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I hope this is not being posted incorrectly, I don't know where else to post it as ther is no area for high def dvd talk. Anyway, I spent a great deal of time confirming this fact with various people from both the blu ray and hddvd booths today. Unless their marketing people are completely wrong- and I was EXTRMELY specific with my questioning several times- Bluray has a vastly superior picture. HD DVD will only have a 1080 i resolution, wheras bluray will have 1080P. As far as I am concerned, this format war is over before it has begun- bluray has the win as far as picture quality is concerned witha progressive scan 1080 image.

I pointed this out to the hddvd people, and all they could tell me was about how their players play standard dvds- so do bluray players. They salked about disk structure and some other ambiguous topics- all of which the bluray camp seemed ot have as well. I was really amazed- I thought both formats were going to be 1080P- who would want a next generation format with an inferior picture?
 

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I don't think the difference between 1080p and 1080i will be anywhere near as dramastic as the difference between 480i and 480p, not really a deal breaker for me.


Did you find out if Blu Ray will be support HDCP? If so then I'll be opposed to BOTH formats. Give me 1080i over component please and thank you.
 

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Not only is B/R the only 1080p format....but its the only format with the capacity to do extended LOTR with 1080p and lossless audio.
 

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Quote:
Originally Posted by AkaStp
Does 480p really have "a vastly superior picture" than 480i when both have the same resolution?
Yes! 480p does have a "vastly superior picture" if done properly.


Although I admit the diff between 1080i and 1080p will be less dramatic. But then being in this forum and in this hobby, 1080p is the winner period.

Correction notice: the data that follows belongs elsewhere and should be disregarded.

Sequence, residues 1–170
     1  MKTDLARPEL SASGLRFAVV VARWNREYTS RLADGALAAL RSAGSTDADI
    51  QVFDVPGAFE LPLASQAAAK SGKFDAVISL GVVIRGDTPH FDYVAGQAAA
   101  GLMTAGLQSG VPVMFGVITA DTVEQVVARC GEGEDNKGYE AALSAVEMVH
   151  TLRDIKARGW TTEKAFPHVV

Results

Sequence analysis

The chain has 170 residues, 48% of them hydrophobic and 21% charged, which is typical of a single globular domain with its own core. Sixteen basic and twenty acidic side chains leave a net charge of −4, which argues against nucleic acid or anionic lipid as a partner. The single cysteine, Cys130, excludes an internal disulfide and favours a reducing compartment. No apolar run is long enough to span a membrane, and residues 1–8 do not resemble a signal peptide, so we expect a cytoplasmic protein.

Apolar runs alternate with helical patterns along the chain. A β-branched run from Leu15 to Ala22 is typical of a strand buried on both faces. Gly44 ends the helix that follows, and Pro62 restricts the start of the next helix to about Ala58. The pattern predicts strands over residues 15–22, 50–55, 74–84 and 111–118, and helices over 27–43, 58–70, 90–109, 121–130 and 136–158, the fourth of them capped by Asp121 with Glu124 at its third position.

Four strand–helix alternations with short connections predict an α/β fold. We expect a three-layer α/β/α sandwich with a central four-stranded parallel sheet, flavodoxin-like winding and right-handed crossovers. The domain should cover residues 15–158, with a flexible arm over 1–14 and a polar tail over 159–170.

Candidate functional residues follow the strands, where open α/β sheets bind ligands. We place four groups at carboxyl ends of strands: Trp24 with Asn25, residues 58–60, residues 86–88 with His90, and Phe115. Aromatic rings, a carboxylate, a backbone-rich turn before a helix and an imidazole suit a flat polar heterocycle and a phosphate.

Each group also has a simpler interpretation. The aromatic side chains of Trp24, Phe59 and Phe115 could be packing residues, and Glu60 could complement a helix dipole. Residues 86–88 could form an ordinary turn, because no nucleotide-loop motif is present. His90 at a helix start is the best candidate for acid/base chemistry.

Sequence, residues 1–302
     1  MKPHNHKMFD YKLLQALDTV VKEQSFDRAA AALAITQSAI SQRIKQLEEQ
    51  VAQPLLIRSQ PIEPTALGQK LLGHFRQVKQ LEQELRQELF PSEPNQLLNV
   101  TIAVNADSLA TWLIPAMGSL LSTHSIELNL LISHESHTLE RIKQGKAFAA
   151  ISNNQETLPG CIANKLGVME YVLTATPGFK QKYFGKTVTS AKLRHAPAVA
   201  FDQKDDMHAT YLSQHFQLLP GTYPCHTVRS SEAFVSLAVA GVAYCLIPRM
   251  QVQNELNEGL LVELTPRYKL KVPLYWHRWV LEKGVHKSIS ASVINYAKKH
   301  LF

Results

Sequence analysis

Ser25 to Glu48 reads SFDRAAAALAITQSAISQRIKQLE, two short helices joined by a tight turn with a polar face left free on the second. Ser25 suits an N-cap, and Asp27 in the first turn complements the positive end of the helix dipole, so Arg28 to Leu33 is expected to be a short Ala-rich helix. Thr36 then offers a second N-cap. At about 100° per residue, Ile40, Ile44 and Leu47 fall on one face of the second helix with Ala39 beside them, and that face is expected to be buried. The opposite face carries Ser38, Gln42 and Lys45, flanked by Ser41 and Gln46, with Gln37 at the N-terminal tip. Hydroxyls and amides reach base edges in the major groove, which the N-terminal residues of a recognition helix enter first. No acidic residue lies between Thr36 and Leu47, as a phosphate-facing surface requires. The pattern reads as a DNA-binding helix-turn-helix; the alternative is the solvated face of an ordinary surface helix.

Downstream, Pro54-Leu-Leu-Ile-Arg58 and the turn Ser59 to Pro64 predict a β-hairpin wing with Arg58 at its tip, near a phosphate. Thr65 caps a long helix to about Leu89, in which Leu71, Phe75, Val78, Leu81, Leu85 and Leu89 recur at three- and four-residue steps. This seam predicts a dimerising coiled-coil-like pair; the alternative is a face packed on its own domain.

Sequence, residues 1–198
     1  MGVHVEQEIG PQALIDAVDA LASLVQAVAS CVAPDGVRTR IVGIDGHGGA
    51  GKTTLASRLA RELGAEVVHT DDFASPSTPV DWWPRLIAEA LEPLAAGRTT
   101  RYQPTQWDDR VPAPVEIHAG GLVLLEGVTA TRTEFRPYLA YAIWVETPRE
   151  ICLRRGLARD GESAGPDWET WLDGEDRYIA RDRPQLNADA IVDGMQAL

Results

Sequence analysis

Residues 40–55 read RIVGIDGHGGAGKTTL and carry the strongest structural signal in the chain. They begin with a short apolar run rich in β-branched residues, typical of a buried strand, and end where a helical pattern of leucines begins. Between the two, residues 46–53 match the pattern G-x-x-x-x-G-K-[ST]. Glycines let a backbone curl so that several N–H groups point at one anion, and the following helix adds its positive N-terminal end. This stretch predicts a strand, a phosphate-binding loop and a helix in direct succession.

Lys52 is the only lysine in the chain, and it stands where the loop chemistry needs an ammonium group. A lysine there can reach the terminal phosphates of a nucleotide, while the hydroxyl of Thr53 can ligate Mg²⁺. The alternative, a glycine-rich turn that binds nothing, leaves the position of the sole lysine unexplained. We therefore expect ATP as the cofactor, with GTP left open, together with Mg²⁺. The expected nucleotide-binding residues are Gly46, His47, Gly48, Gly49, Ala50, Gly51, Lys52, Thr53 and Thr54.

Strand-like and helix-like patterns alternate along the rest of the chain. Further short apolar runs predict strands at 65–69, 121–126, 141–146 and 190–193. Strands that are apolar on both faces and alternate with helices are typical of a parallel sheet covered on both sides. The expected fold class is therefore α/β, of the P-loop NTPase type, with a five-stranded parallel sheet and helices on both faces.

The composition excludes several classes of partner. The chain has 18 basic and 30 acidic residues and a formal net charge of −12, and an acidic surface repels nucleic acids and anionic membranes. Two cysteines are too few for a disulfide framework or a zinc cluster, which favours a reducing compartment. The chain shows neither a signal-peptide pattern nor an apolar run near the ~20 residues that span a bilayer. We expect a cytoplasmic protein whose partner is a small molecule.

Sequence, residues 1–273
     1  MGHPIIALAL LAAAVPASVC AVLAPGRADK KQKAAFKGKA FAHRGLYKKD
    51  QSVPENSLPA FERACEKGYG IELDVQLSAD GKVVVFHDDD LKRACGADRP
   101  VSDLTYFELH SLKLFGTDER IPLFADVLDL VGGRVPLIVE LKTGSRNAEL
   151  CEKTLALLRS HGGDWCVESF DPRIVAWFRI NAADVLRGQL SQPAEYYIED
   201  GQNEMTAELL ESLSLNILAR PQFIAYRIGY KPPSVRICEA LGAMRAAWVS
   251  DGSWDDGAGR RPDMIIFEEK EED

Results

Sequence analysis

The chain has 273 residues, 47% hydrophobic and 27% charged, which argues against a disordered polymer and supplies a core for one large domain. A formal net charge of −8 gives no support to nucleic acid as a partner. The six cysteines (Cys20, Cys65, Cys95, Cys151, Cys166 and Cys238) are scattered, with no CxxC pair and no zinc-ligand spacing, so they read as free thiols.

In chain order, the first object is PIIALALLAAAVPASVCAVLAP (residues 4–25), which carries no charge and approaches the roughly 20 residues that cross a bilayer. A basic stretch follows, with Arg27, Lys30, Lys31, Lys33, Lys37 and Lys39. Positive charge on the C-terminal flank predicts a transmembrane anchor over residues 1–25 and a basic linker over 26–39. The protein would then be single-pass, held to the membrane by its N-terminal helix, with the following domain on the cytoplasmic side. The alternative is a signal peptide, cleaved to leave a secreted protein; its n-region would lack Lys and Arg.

wonderboy: HDCP is a must now. sorry there is a whole industry who thinks their rights are at risk.


Btw iansilv: actually I'm not too sure abt the 1080p. That's the output of BluRay players. The key point is, do they store at 1080p?
 

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Has 1080p really been confirmed for BluRay? I keep seeing posts indicating that there hasn't been a commitment to 1080p yet....
 

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Quote:
Originally Posted by Danabw
Has 1080p really been confirmed for BluRay? I keep seeing posts indicating that there hasn't been a commitment to 1080p yet....
The Samsung player is going to be 1080i with the Pioneer Elite,Sony player and PS3 all being 1080p.


All HD dvd players will be 1080i.


The Fifth Element in B/R ,has already been announced at 1080p and lossless audio.
 

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Quote:
Originally Posted by wonderboy905
I don't think the difference between 1080p and 1080i will be anywhere near as dramastic as the difference between 480i and 480p, not really a deal breaker for me.


Did you find out if Blu Ray will be support HDCP? If so then I'll be opposed to BOTH formats. Give me 1080i over component please and thank you.
Yes Blu-ray players will be HDCP compliant. HDCP does not prevent HD resolutions over component. HDCP is designed to prevent digital video from being recorded and is to simplify, a requirement the player and display are compliant and licensed devices. If some company can design a recorder that records video from HDMI/DVI, the product will not be a complying device and won't be licensed. A related issue, that of component video resolutions being limited to 480p is optional and film rights owners can require that ability with any titles. My guess is that both HD-DVD and Blu-ray will implement whatever it is, some initials describe this option but I have once again forgotten what, and that any titles released that will restrict component video resolutions will be plainly labeled. What percentage of titles will have the component constraint option remains to be seen. I expected a large percentage after first reading about it but now believe the percentage will be very small. The reason any company would use it is that component video can be recorded and there is no other protection to prevent it. The DMCA makes circumventing digital copy protection a crime. Circumventing analog copy protection if there was any, is not a crime.


Chris
 

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But which 1080p (1080p24, 1080p30, 1080p60)? Isn't BR being encoded at 1080p24? That's actually less information than 1080i.
 

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24 is the film speed, not the refresh rate. I've seen pictures of players that specifically mention 1080p/60.
 

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I am not the most technically proficient person when it comes to understanding 1080I and 1080P and the various scan rates so I may not be using all the right terms or thinking about it correctly. But aren't all the microdisplays in "P" (progressive) anyways?? For example, I have a 60 SXRD. If I feed it 1080I it will scale/deinterlace it to 1080P. So the real question comes down to what does a native 1080P signal look like versus a 1080I signal that is scaled/deinterlaced to 1080P. I am under the impression the differences are probably minimal. Any opinions?